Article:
The chief of police in the eastern German city of Dresden has apologized for detaining a camera team from German public broadcaster ZDF while filming at a far-right PEDIGA protest.
The team, who worked on the program Frontal 21, had a meeting with the police where the police chief admitted they had been detained for far too long, ZDF reported.
Journalist Arndt Ginzel and the camera team were held for 45 minutes during the far-right demonstration in Dresden organized by the anti-Islam PEGIDA movement in response to a visit by German Chancellor Angela Merkel on August 16.
Footage of the incident posted by Ginzel showed a protester chanting "Lügenpresse" (a historically-laden far-right chant that translates as "lying press") before falsely claiming that the crew had illegally filmed him taking part in the march.
The man then told police that he had been verbally abused by one of the crew members, which led police to question and hold the team. It was later revealed that the man was a state police employee.
Police should support media
During the meeting with police, ZDF emphasized that the police's previous description of events did not correspond to the ZDF film material.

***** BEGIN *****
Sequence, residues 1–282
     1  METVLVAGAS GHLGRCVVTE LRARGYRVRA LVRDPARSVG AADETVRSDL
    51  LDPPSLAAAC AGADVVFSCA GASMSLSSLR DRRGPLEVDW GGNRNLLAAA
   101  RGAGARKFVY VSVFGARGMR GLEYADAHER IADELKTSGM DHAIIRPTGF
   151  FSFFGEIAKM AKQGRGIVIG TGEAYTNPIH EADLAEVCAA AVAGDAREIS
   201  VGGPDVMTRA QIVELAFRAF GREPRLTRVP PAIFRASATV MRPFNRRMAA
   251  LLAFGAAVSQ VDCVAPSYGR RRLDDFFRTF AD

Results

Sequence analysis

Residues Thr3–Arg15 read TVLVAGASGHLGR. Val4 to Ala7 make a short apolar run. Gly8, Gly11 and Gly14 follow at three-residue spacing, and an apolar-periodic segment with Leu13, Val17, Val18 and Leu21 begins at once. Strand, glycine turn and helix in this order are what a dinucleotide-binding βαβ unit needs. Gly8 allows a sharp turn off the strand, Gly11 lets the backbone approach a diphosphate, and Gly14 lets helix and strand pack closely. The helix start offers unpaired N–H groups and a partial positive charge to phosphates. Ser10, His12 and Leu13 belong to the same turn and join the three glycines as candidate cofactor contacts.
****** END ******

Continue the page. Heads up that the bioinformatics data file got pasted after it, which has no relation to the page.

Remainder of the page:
Both the police and ZDF staff acknowledged that the "Code of Conduct for Press/Radio and Police," adopted by interior ministers and the media in the 1990s, including ZDF, must be adhered to.
According to the code of conduct, it is the duty of the police to support the media in gathering information, even during demonstrations.
Merkel spoke out in support of the ZDF team on Wednesday, but said the right to demonstrate must be fully ensured.
"Anyone who goes to a demonstration must expect that they will be recorded and observed by journalists," Merkel said, adding that there has to be freedom for journalists to work. "I want to express my explicit commitment to the freedom of the press."
The head of the German Journalists' Union, Cornelia Hass, spoke out against the Dresden incident on Saturday, saying that politicians cannot stand on the sidelines of the issue. "Our country needs a plan to effectively enforce the fundamental right of freedom of the press and its protection by the state," she said.
Hass pointed to another incident in Stuttgart last Sunday, where journalists were allegedly harassed and told that press freedom was "suspended" at an information booth of the far-right Identitarian Movement. Hass noted the need for more police training, so that officers can learn the fundamental principles of cooperation between the state and the media.
"Securing our freedom of the press must be an essential element in the training of security forces," she said.Louisa Wright